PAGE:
“A few years to my sum of years,/ I am still stuck in the in-between./ A relic in this vale of tears,/ A reluctant ‘was’, ‘has-been’.” — Chris Z. Abbas
THESE verses were penned by a dear friend describing old age, three years before her death in 2009. Chris was 88 when she departed from what she called “this vale of tears”.
The fact is that medical science boasts of its success in prolonging the age of man — life expectancy in Pakistan has grown from 45 years in 1950 to 67 today. But society and state have done precious little to improve the quality of life for their senior citizens.
Hence it gave me great satisfaction when I learned recently that in 2014 the Sindh Assembly had adopted the Senior Citizens Welfare Act (SCWA) — the first province in Pakistan to do so. Lawyers dub it as a ‘model’ law, cut and pasted from the social welfare law of a West European state but without any plan for its implementation.
Before we take up the issue of the ethical aspect of education in Pakistan a look at its legal and constitutional status itself would be in order. I shall focus on school education as it is this sector that has a pronounced human rights and ethical aspect. In 2010, the National Assembly amended the Constitution of 1973 that made education mandatory for all children. Article 25-A was adopted and according to this, “The State shall provide free and compulsory education to all children of the age of five to sixteen years in such manner as may be determined by law.”
This provision should have been a landmark step towards universalizing education which is worldwide regarded as the fundamental right of all men, women and children. It naturally has to begin from childhood. It seems unbelievable that it took Pakistan 63 years to recognize this basic fact.
But Article 25-A has failed to achieve its purpose. The enrolment ratio of school age children is barely 60 percent and over 22 million children aged 5-16 years are still believed to be out of school. The resultant inequity geographical, gender and class – has demonstrated clearly that in Pakistan education is not the equalizer it should be. If anything, it is a factor that promotes inequality.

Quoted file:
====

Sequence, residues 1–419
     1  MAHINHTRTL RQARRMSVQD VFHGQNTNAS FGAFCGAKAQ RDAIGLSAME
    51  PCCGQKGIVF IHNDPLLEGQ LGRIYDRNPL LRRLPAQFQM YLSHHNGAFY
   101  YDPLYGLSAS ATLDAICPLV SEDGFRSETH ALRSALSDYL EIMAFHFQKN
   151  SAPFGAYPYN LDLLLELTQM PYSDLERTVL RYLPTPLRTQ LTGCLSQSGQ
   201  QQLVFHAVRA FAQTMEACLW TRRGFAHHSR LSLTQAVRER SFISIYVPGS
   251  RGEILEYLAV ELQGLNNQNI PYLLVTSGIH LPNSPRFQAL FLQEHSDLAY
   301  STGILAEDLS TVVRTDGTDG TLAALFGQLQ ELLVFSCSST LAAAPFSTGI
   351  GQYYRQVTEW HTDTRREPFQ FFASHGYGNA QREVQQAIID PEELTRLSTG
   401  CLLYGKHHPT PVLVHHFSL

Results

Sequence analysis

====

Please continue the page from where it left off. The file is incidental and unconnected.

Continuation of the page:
The pandemic, the anxiety and fear of the unknown, economic downturn—national and global, lockdowns–total, partial and smart—and social distancing had worn us out by the end of September. What did provide some relief to me and my daughter, the city-dwellers, was a little refuge in nature, a reclaiming of the bond with the sky, the plants (potted) of many hues and smells, and the little flora and fauna left in Karachi.
After four nights of stay in upper Hunza, we came down to a resort in central Hunza. Central Hunza, the administrative region of the valley with capital Karimabad, is famous for Baltit and Altit Forts and the ancient settlement Ganish.
Could one dub the military establishment a sacred cow? Risky: the figure of speech could be taken as mocking or belittling Hindu theology. Offenders could hopefully plead not guilty for the expression ‘sacred cow’ is common usage globally in the Queen’s English. But there is another pitfall – what about the subject to which the epithet is applied? If that is taboo for critical discussion locally and you broach it; you, rather than the sacred cow, could become meat for dissection (figuratively of course). To put it another way — it is politically unwise to offend the military establishment. But circumspection carried too far raises socio-civic issues, can leave the public proverbial ostriches with heads buried in the sand, for, in another sense, prodding sacred cows might be corrective politicking no matter how politically incorrect. The sacred cow of freedom of speech here is curtailed by two enormous public perceptions of religiosity and national security.
ONE could well think Pakistan is short of problematic issues, for the focal topic of unflagging heated discussion among politicians, anchors, analysts — ongoing from the closing week of October — is the perspective on something that happened at the close of February 2019.